29 Jan 7 Renting Costs You Need To Know About
Moving into a new apartment is an exciting process, but unless you’ve been around the block for a while, you might not know about these hidden costs associated with renting. Check them out so you’re prepared!
1. Application Fees
Most of the places you look for an apartment will require you pay an application fee before letting you know if you’ve been accepted to sign the lease. The fees usually range from $25-$50 per person and are rarely refundable.
The application fee covers your background and credit check, as well as the time and effort involved with checking your references and other information. It also shows that you are serious about the property, since the fee is usually high enough to deter people that are not.
It’s possible for your application to be denied for a variety of reasons. Having bad credit, no rental history, bad rental history, or not enough income are all reasons why a landlord could deny you. It’s a good idea to see what the rental requirements are before applying to avoid stacking up multiple application fees.
2. Security Deposits & Move-In Fees
You will almost always have to pay a security deposit upon signing your lease. Usually, places will charge around one month’s rent for a deposit, but they can reach up to two months worth in some cases. You may be required to pay more for your deposit if you have pets or if you have bad credit.
Once you move out, your landlord or property management company will inspect the home for damages, and subtract the cost from your deposit. They then must return the remainder of your deposit to you within 60 days of the inspection.
Sometimes you will charged a move-in fee as well, which usually covers the expenses incurred for moving you into the apartment. This is a non-refundable fee but is usually reasonably affordable.
3. Moving Costs
No matter where you’re going, it’s going to cost at least a little bit of money to move there. Even if you get all of your boxes for free, you will probably want to buy some moving tape and packing material for fragile items. You might find yourself needing to rent a truck for the day to fit your mattress and giant couches. You will need to pay gas for the multiple trips you WILL take to your old place and back. And lastly, I always make sure to put some extra money towards pizza and drinks for the friends that help me move. They’ll remember it next time you ask!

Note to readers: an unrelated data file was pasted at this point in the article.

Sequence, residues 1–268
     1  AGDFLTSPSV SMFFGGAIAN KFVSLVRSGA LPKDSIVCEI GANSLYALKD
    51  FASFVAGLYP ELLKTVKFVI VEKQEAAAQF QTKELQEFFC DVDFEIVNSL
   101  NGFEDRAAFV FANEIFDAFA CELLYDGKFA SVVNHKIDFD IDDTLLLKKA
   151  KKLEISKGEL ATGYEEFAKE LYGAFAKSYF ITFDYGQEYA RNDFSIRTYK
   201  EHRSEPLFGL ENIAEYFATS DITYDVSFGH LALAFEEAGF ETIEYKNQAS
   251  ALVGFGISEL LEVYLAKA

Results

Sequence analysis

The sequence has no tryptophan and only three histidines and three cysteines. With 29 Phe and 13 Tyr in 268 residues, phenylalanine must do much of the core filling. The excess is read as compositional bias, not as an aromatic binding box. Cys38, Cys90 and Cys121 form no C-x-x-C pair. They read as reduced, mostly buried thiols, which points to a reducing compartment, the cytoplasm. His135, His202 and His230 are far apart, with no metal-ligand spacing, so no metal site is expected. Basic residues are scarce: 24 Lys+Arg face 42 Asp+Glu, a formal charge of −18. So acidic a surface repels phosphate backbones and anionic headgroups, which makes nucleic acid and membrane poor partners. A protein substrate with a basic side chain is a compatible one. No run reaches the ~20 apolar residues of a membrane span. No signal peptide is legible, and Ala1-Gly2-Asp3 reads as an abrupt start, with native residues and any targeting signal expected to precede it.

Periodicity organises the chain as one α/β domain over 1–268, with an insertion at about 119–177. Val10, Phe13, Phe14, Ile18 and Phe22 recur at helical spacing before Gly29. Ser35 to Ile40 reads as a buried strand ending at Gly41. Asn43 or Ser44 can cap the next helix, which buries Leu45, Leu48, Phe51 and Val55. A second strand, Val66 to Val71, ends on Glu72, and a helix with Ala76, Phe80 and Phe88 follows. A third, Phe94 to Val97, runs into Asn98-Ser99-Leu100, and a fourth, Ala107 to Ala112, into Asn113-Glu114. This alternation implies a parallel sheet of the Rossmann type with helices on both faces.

4. Renter’s Insurance
Renter’s Insurance is an expense that you might not want to pay for, but once you need it, you’ll be so glad you did! If anybody steals anything from your home, you’ll be covered. Same if you have an unexpected fire in your building. You can find plans that are around $20 a month, which is small change compared to the damage that you’ll incur if your valuable items are destroyed or taken.
If you’re lucky, some places will pay certain utilities for you, like water or sewage. Most of the time, however, these expenses are left to the renter to pay. Don’t be surprised if your landlord asks you to put sewage, trash, water, gas, and electric! It’s smart to ask what the average utility bills for the home cost before signing the lease. Don’t forget about your phone, cable, and internet, too.
If you’re moving into a smaller space, or somewhere that you’ll no longer have access to a garage, attic, or basement, you might need to pay for additional storage. You might want to shop around for storage prices before deciding to move into that cramped apartment. You’ll be grateful once you aren’t stubbing your toe on all of your extra furniture after you move in.
If you’re moving into a rental house, you’ll usually have at least one or two free parking spaces to use, whether in the driveway, garage, or on the street. If you live in an apartment, these spaces sometimes cost extra. Make sure you know what parking amenities are included with your rent price, and what the cost of additional parking would be, if necessary.